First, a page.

Dunwich - Heilagmanoth
CD Review by Scott "Dr. Music" Itter

July 2008

Track listing:
1. Aranmanoth 2. La Casa dell'Alchimista 3. Tales from the Ninth Wave
4. Guardians of the Treshold 5. Escape from Innsmouth 6. Il Falso Principio
7. Beowulf 8. The Flying Fear 9. Leaves on the Altars to the Moon
10. Terra di Ambra Neve e Fuoco Nero 11. La Lama il Ghiaccio e il Fuoco 12. Heilagmanoth

Label: Pick Up Records / Release date: April 28, 2008

Hey, you like music? Yeah? Well, I've got a real treat for you. Now pay attention. When I asked if you liked music, I meant all kinds of music. Sure, you may have heard that this band Dunwich is kind of like Nightwish. Okay, I wouldn't disagree. But, where Nightwish carries the torches to the castle drawbridge, Italy's Dunwich sprints through every room in the castle setting them ablaze.

This disc is so pure and artistic. With its string, brass, and choir arrangements, "Heilagmanoth" transcends all boundaries of commercial acceptability in their genre. But here's the funny thing, I don't even know what genre this is! Yeah, they have a phenomenal operatic female singer like Nightwish and After Forever, but they use all kinds of other musical flavor that those bands have not touched upon. The use of Irish and Japanese flutes, Udo drum and bongos, among a mass of other instruments puts Dunwich in a whole other genre really. It is almost a "classical rock" kind of thing. It has the texture and poise of Brahms and Bach, with the guitar crunch of rock contemporaries like Dream Theater and Queensryche.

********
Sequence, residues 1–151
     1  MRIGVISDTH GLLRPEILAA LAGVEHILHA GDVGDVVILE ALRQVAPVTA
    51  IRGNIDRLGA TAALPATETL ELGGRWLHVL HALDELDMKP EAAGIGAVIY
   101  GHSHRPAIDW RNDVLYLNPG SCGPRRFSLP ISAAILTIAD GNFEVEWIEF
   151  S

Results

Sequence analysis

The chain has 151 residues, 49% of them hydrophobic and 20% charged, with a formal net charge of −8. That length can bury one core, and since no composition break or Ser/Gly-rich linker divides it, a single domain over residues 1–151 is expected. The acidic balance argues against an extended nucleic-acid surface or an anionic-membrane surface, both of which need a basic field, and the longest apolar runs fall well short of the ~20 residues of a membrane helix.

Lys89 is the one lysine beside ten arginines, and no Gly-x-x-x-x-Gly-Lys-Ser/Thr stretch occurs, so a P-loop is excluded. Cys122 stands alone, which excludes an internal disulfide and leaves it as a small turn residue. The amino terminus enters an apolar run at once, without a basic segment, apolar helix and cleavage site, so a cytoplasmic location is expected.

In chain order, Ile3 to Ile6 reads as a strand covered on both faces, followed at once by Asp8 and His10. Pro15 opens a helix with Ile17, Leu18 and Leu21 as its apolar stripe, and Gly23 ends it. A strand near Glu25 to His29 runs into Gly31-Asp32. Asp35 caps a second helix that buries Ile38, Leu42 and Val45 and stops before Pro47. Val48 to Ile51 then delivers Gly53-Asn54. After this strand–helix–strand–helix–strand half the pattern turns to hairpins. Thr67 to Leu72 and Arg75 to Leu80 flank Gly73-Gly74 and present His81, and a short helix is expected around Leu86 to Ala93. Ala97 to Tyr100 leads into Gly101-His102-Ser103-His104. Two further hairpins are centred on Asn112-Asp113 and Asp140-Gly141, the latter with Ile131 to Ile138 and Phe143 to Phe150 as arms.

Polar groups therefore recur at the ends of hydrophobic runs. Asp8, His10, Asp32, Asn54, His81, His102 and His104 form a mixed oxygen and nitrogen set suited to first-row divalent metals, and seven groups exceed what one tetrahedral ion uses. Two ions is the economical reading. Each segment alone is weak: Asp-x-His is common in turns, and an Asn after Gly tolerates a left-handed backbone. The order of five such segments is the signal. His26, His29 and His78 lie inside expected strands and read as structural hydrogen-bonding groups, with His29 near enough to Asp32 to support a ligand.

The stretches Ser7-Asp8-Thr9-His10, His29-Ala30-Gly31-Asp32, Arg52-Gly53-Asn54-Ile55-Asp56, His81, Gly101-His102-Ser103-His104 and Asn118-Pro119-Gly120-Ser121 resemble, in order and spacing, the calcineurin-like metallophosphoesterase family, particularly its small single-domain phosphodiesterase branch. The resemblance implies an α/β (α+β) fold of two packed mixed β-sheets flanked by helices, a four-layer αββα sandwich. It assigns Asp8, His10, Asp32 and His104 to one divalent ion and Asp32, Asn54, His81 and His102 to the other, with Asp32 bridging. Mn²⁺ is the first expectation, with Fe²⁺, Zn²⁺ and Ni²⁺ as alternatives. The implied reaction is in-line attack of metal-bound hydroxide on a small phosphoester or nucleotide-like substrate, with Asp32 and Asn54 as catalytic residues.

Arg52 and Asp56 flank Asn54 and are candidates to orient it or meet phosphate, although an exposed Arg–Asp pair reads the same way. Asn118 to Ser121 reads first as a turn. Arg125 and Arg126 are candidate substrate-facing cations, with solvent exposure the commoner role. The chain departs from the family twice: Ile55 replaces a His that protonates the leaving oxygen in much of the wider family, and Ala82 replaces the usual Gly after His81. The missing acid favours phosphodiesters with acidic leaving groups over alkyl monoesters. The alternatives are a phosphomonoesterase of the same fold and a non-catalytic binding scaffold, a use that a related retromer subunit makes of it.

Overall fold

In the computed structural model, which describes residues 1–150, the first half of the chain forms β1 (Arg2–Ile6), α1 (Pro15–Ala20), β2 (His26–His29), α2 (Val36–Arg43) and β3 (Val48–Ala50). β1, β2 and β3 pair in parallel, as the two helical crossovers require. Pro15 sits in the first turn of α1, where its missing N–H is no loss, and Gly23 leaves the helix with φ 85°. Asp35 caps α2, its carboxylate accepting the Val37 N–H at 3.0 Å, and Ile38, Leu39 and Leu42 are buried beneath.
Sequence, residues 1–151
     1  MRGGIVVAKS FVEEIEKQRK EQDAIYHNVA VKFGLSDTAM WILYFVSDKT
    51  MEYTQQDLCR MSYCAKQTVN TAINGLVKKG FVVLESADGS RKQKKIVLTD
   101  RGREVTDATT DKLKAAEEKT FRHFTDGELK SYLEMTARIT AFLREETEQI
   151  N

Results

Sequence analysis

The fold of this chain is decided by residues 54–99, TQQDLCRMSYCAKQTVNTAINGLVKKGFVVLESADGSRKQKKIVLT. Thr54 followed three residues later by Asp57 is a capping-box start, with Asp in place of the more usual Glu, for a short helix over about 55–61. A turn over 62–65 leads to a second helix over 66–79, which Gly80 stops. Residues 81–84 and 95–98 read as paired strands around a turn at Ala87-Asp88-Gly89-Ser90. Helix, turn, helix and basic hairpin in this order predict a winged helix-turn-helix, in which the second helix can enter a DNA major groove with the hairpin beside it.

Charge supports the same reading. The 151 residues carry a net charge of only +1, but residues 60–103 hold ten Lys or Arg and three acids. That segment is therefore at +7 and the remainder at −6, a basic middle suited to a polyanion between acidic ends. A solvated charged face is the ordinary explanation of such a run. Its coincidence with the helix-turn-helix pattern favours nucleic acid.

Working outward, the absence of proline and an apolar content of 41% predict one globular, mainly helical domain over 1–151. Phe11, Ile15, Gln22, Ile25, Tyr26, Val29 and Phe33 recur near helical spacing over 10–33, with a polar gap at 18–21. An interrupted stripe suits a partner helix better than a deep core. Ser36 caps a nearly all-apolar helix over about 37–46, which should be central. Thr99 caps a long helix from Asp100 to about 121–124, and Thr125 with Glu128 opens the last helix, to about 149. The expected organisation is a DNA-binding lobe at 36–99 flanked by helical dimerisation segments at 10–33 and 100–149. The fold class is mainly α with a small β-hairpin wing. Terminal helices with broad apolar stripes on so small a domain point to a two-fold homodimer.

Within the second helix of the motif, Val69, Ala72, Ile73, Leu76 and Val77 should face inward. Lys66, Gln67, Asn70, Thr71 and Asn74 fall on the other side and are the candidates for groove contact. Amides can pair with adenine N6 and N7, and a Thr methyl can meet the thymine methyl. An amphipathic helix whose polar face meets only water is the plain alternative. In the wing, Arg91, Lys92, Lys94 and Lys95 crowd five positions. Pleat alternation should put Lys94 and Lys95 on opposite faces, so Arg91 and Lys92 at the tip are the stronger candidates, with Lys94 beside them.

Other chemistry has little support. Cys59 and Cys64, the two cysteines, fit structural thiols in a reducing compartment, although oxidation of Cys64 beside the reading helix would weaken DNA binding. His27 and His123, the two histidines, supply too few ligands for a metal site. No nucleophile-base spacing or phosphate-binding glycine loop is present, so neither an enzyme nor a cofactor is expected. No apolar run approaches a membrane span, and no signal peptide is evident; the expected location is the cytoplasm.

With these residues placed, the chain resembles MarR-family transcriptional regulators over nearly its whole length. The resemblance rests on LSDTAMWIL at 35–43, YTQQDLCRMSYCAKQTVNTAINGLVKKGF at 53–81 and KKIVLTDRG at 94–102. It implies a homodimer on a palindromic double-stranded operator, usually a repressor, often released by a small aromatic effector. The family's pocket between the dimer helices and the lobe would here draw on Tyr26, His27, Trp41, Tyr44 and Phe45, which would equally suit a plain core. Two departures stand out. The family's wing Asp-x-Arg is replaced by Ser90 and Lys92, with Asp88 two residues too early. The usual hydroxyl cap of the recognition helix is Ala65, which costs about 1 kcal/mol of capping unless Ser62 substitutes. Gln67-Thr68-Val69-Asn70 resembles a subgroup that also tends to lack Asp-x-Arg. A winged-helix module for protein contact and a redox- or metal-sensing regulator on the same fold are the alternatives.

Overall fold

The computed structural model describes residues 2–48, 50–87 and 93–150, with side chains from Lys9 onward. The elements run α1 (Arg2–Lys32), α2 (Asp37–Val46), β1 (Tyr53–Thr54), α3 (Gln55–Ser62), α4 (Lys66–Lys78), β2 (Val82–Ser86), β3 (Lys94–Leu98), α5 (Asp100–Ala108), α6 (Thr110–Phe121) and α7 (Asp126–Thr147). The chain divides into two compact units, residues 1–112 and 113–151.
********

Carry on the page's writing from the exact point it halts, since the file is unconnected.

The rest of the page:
The drawback to making music like Dunwich has here is the fact that not everyone can grasp the magnitude of it. For the casual listener that's looking for a catchy song to tap their foot to, this will probably frighten them. This is for the music aficionado; the person that can sit down and pick out a particular chime or drum sound amidst the ocean of music and tune in to it and fully enjoy it. The songs here are very complex and detailed. For me, a person that listens carefully and analyzes the intricate details, this was like a day in paradise. Dunwich puts some wonderful elements to work here, and songs like "Beowulf," "The Flying Fear," and "Leaves on the Altars to the Moon" are great examples of a band that utilizes extraordinary talent to craft exciting works of musical art.

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